Seventeen of the European Union's 27 member states share an economic and monetary union (EMU) with the euro as a single currency. These countries are effectively referred to as the Eurozone. What has become known as the Eurozone crisis began in early 2010 when financial markets were shaken by heightened concerns that the fiscal positions of a number of Eurozone countries, beginning with Greece, were unsustainable. This report provides background information and analysis on the future of the Eurozone in six parts, including discussions on the origins and design challenges of the Eurozone, proposals to define the Eurozone crisis, possible scenarios for the future of the Eurozone, and the implications of the Eurozone crisis for U.S. economic and political interests.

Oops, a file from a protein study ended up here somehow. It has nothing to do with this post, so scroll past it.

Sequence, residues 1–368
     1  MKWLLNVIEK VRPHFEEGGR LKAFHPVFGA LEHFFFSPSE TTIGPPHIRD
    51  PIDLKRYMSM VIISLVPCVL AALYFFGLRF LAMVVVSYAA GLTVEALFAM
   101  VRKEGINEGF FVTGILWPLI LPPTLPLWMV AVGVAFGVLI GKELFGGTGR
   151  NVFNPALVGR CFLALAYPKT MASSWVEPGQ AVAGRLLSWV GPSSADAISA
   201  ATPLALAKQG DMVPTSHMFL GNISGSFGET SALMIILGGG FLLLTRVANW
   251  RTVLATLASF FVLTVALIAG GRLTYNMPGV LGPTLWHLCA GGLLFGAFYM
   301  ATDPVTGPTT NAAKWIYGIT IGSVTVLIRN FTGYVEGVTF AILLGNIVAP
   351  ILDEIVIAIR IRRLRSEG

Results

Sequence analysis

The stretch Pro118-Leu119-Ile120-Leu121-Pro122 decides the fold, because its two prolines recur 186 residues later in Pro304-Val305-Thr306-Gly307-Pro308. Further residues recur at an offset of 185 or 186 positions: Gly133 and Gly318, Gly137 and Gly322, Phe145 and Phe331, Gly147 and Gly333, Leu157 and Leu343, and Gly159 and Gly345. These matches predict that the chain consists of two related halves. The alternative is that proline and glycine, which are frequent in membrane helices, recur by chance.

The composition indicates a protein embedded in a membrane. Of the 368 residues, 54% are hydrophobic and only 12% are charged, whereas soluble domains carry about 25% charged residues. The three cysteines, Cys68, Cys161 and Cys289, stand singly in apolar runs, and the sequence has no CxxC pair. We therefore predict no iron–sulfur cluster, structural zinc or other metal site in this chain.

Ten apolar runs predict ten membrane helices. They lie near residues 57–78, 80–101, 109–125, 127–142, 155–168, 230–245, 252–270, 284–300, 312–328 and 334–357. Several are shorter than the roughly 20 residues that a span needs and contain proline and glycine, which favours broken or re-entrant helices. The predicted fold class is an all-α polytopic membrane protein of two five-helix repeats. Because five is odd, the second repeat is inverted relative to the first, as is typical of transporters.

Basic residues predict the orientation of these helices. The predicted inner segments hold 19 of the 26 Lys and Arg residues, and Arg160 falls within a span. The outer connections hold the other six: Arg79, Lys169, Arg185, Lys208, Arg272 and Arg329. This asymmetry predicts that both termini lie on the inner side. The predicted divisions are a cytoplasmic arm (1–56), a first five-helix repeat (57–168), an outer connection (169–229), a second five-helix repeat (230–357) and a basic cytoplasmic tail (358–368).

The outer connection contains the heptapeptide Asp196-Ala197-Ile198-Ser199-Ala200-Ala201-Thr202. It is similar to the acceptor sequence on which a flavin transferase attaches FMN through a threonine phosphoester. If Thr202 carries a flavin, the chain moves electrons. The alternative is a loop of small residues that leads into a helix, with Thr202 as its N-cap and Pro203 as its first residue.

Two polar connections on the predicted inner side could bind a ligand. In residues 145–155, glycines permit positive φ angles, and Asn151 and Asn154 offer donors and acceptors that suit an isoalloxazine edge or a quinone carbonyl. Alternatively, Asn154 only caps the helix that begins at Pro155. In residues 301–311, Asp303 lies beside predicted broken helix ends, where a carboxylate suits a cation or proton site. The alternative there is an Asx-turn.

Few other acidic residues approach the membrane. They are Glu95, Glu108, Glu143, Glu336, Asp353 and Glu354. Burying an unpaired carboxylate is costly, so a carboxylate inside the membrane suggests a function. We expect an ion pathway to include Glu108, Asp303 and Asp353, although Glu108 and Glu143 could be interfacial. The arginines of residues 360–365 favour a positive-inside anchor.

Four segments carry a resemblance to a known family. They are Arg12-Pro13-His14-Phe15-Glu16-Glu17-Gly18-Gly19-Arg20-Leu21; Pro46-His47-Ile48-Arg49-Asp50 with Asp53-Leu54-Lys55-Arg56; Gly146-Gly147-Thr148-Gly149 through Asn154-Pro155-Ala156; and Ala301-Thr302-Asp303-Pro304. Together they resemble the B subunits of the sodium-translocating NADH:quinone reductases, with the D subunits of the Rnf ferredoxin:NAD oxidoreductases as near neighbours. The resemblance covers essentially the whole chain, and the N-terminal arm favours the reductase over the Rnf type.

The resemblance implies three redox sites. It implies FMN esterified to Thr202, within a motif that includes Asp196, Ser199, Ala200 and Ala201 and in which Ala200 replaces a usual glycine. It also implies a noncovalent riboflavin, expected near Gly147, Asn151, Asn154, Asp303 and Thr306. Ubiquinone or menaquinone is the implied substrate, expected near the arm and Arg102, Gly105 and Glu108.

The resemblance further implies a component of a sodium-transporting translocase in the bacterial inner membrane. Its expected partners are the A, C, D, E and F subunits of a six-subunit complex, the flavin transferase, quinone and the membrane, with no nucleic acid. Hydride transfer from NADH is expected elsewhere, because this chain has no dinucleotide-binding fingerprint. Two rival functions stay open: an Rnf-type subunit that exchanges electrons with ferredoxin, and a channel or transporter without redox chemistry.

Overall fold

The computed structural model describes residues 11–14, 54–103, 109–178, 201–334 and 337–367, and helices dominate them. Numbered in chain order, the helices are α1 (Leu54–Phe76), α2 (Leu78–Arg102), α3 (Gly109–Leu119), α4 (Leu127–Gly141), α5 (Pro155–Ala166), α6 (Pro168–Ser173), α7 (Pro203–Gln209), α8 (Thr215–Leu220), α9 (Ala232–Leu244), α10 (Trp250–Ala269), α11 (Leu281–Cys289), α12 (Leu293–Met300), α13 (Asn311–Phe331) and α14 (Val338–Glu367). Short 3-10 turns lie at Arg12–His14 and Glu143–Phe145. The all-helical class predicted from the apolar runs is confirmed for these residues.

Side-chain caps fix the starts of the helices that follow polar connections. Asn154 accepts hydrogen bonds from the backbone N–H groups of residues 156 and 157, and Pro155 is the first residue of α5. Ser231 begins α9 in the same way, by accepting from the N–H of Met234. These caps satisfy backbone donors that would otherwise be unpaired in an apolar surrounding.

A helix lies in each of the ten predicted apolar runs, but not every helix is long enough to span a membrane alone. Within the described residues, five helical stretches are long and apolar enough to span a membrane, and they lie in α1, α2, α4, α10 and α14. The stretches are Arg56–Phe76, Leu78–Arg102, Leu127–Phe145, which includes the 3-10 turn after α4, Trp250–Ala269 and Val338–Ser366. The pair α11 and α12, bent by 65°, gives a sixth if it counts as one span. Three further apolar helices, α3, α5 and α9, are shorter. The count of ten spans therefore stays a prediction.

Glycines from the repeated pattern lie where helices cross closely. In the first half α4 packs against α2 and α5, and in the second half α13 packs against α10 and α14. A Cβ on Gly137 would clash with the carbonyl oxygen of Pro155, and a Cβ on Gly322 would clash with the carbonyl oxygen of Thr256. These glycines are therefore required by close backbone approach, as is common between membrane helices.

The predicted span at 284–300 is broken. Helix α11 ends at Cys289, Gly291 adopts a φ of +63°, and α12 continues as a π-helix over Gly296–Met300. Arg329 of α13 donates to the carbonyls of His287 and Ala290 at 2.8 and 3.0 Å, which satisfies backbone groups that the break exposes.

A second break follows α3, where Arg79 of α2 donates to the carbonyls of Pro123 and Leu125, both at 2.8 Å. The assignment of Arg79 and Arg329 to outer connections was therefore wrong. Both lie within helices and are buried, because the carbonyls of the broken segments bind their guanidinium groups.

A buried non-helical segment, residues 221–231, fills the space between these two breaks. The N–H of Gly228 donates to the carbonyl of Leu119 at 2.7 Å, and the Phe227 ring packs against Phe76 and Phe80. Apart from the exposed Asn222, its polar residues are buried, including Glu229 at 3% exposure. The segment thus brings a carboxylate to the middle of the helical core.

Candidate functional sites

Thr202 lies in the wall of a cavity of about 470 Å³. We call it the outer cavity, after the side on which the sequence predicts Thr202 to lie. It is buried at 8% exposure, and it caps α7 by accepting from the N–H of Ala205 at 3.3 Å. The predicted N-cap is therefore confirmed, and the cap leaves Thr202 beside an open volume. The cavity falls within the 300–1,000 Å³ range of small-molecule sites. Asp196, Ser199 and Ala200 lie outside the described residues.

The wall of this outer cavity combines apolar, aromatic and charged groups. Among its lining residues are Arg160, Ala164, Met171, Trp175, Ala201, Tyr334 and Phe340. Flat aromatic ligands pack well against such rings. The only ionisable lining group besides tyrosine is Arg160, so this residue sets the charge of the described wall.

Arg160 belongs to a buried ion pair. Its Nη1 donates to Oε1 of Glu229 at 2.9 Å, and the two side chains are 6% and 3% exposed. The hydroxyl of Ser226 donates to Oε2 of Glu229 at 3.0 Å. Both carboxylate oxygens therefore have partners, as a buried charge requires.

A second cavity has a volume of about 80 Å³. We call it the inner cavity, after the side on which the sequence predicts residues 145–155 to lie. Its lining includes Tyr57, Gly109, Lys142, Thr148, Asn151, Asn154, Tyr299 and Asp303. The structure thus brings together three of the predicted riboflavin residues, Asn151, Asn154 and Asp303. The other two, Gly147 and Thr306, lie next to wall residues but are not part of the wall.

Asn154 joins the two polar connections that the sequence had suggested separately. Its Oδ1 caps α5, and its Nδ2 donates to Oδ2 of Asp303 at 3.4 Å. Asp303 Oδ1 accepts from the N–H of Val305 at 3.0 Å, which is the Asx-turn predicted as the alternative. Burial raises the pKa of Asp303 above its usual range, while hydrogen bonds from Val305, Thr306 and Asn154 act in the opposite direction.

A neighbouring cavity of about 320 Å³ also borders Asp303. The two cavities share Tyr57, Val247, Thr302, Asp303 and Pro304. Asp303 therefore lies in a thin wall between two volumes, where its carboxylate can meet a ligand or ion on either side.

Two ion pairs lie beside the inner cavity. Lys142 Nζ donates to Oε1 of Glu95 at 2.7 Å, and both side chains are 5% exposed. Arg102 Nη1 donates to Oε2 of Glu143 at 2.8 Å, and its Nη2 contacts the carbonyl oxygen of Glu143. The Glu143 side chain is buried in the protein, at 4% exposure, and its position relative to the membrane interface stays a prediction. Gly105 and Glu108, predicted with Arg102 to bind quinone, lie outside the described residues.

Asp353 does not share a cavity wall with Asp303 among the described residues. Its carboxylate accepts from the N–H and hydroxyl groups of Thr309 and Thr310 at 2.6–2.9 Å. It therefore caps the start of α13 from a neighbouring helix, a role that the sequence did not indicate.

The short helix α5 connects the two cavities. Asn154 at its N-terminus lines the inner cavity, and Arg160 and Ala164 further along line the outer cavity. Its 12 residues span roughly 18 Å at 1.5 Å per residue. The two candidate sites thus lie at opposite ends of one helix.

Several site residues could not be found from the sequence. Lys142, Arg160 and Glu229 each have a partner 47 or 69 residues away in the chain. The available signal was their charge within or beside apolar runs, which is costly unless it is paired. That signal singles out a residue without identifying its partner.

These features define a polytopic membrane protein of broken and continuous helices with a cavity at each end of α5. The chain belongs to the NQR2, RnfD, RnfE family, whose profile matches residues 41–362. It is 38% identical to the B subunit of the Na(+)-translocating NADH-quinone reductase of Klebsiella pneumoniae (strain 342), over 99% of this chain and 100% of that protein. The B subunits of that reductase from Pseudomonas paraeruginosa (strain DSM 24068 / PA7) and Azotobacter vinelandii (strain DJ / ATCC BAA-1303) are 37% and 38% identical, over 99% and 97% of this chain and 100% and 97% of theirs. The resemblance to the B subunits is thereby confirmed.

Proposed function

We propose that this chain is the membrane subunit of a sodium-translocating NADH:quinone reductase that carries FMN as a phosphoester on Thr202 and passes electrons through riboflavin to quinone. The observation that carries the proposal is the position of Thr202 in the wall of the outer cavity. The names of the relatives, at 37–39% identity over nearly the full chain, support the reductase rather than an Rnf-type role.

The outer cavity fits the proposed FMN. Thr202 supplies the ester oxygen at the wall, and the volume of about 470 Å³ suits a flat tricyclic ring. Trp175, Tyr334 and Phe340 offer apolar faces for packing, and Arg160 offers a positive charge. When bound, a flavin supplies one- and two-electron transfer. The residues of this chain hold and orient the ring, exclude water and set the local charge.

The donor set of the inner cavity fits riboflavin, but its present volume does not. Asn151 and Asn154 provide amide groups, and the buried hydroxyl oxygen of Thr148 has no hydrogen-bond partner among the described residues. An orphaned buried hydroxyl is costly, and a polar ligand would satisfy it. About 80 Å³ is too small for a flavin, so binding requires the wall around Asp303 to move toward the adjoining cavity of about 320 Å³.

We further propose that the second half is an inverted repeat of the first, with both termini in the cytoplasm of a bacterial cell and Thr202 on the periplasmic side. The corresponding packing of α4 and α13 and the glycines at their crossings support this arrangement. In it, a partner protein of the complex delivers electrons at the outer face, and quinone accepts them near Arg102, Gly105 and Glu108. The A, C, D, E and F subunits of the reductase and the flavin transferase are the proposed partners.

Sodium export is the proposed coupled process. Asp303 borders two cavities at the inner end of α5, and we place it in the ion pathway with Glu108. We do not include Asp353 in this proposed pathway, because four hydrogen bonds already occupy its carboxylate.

This report examines the key factors that shape French foreign policy. From that context, it analyzes some of the reasons for the tensions in and the accomplishments of U.S.-French relations. The report is illustrative, rather than exhaustive. Instead, the report reviews issues selected because they exemplify some of the essential features of the U.S.-French relationship.
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